Figure 4-1. To let you know an area is selected, Photoshop surrounds it with tiny, moving dashes that look like marching ants. Here you can see the ants running around the armadillo. (FYI, the nine-banded armadillo is the state animal of Texas. Aren't you glad you bought this book?)

Here are the commands you'll use most often when you make selections:

  • Select All. This command selects your whole document and places marching ants around the perimeter, which is helpful when you want to copy and paste an entire image into another program or create a border around a photo (see Stroking (Outlining) a Selection). To run this command, go to Select→All or press ⌘-A (Ctrl+A on a PC).

  • Deselect. To get rid of the marching ants after you've finished working with the selection, choose Select→Deselect or press ⌘-D (Ctrl+D). Alternatively, if you've got one of the selection tools activated in the Tools panel, you can click once outside the selection to get rid of your selection.

  • Reselect. To resurrect your last selection, choose Select→Reselect or press ⌘-Shift-D (Ctrl-Shift-D). This command reactivates the last selection you made, even if it was five filters and 20 brushstrokes ago (unless you've used the Crop and Type tools, which render the Reselect command powerless). Reselecting is helpful if you accidentally deselect a selection you've been working on for a long time. (The Undo command [⌘-Z or Ctrl+Z] can also help you in that situation.)

  • Inverse. This command, which you run by going to Select→Inverse or pressing ⌘-Shift-I (Ctrl-Shift-I), lets you flip-flop a selection to select everything you didn't select before. You'll often find it easier to select what you don't want and then inverse the selection to get what you do want (see the box on Selecting the Opposite).

  • Load a layer as a selection. When talking to people about Photoshop, you'll often hear the phrase "load as a selection," which is (unavoidable) Photoshop-speak for activating a layer that contains the object you want to work with and then summoning the marching ants so they run around that object; that way, whatever you do next affects only that object. To load everything that lives on a single editable layer as a selection, mouse over to the Layers panel and ⌘-click (Ctrl+click) the layer's thumbnail (The Layers Panel); you don't need to have the layer selected. Photoshop responds by putting marching ants around everything on that layer. Alternatively, you can Ctrl-click (right-click on a PC) the layer's thumbnail and then choose Select Pixels from the resulting shortcut menu.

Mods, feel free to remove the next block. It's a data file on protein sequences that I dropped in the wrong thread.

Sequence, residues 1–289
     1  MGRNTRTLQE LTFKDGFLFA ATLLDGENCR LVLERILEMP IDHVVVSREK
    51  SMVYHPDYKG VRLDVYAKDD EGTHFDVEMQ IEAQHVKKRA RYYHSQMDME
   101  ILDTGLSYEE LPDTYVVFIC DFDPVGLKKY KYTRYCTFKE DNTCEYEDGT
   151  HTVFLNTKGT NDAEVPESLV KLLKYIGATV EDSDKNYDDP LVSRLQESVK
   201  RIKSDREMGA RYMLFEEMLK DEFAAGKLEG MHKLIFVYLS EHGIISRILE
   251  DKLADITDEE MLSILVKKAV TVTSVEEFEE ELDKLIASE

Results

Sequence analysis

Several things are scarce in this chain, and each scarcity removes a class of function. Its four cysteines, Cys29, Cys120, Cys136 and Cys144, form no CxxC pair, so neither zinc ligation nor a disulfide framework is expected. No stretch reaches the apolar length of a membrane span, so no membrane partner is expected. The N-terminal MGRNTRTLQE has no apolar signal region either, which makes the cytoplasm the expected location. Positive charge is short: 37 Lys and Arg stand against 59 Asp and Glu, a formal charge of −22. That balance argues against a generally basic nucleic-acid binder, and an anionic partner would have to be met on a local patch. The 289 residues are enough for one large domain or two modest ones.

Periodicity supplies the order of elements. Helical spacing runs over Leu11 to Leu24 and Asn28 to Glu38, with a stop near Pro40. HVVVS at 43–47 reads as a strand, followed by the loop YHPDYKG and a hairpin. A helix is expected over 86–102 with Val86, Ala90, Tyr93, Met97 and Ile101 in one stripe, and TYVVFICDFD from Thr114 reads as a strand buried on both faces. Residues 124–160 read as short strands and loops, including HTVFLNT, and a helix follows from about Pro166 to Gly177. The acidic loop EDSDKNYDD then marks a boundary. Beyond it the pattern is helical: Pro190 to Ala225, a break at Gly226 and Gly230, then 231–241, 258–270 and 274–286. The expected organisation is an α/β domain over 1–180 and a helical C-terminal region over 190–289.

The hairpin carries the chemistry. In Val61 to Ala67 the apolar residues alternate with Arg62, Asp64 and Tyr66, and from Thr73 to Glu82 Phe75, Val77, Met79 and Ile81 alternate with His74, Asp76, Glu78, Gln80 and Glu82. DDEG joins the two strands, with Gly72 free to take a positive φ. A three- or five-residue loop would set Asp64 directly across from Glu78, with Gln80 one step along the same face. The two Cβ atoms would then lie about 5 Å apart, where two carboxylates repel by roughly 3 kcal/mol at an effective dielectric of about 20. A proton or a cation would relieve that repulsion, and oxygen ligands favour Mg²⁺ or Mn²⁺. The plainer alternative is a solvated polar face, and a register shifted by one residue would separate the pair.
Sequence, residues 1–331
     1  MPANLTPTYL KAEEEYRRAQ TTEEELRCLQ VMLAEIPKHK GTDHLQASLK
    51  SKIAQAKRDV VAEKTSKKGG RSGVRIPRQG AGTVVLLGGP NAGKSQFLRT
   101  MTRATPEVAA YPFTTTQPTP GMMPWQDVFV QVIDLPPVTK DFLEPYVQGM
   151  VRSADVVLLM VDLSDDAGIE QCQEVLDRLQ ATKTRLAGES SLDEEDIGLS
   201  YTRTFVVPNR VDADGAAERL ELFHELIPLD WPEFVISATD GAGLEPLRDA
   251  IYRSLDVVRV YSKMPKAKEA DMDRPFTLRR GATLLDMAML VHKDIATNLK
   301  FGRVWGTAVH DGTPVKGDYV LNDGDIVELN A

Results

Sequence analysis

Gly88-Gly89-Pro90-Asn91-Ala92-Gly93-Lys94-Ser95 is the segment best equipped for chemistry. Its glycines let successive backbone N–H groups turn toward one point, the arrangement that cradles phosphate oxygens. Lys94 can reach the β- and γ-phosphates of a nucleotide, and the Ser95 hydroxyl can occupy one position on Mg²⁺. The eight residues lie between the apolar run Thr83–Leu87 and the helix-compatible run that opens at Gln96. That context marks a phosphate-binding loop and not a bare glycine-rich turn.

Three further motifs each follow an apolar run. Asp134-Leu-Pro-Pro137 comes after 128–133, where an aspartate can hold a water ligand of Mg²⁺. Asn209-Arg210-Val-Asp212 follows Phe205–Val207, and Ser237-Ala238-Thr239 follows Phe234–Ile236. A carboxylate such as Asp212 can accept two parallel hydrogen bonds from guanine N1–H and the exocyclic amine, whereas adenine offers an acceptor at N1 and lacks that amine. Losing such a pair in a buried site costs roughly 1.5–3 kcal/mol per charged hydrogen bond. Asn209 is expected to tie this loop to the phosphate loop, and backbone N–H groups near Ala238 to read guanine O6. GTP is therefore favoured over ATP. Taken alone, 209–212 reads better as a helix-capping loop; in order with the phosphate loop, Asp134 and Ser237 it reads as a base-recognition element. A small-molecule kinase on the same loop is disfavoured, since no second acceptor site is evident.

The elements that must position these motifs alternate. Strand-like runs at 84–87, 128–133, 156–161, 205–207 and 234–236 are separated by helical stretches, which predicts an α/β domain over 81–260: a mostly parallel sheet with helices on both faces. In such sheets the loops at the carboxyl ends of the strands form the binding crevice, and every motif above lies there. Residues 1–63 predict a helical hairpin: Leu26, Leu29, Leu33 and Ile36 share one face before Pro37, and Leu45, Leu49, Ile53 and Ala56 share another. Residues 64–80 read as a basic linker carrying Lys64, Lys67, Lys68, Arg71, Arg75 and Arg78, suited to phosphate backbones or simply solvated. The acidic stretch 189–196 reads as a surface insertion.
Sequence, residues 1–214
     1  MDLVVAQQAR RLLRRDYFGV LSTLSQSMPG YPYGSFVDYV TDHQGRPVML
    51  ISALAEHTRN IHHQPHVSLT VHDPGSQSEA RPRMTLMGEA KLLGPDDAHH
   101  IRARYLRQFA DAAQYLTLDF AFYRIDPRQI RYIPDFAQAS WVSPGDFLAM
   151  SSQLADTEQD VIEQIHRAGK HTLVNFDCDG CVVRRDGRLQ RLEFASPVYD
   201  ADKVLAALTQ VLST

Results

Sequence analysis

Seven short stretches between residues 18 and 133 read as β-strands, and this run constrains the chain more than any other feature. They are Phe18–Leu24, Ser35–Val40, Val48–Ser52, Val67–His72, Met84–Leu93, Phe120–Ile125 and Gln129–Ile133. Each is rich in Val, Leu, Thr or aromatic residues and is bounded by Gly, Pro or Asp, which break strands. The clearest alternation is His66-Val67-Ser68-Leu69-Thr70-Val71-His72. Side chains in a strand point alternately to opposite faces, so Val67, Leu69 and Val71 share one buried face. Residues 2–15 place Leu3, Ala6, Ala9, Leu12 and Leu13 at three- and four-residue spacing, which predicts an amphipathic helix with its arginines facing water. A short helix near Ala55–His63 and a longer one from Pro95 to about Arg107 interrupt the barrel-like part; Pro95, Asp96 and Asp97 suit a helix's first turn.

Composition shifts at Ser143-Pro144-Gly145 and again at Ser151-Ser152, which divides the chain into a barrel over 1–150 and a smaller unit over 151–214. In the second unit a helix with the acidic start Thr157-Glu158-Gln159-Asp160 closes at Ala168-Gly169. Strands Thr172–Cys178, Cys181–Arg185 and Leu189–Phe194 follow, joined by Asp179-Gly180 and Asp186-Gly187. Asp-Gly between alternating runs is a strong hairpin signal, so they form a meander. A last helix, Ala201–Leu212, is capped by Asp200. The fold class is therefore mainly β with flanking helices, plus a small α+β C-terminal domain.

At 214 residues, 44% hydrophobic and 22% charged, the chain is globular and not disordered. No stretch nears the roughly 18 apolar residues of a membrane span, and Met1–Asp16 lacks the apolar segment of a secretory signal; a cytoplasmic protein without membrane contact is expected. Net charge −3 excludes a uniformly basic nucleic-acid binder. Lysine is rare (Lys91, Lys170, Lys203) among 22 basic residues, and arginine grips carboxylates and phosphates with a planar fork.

Although you can find most of the commands in this list in the Select menu at the top of your screen (except for loading a layer as a selection), you should memorize their keyboard shortcuts if you want to be smokin' fast in Photoshop.

These next three items live in the Select menu, but they don't actually call up marching ants. Instead, they tell Photoshop to select entire layers (for the lowdown on layers, see Chapter 3):

  • All Layers. Use this command if you want to select every layer in your document (so you can move several layers at once, for example). To select all layers, choose Select→All Layers or press ⌘-Option-A (Ctrl+Alt+A).

  • Deselect Layers. This command does the exact opposite of the previous one: It deselects all the layers in your Layers panel, leaving nary a layer highlighted. To run it, choose Select→Deselect Layers.

  • Similar Layers. Choose this command if you want to select all layers of the same kind (Layer Basics lists the different types of layers). For example, say you want to change the font in all the Type layers in your document. Just select a Type layer and then choose Select→Similar. Photoshop selects all your Type layers and highlights them in the Layers panel so you can modify them all at once. (See Chapter 14 for more on Type layers.)


When you move objects around with the Move tool, you can enlist Photoshop's help in selecting individual layers by turning on Auto-Select in the Options bar. With this setting on, as you click an object in your document, Photoshop tries to guess which layer it's on and select that layer for you.

Now it's time to discuss the tools you can use to make selections. Photoshop has a ton of 'em, so in the next several pages, you'll find them grouped according to which kind of selections they're best at making.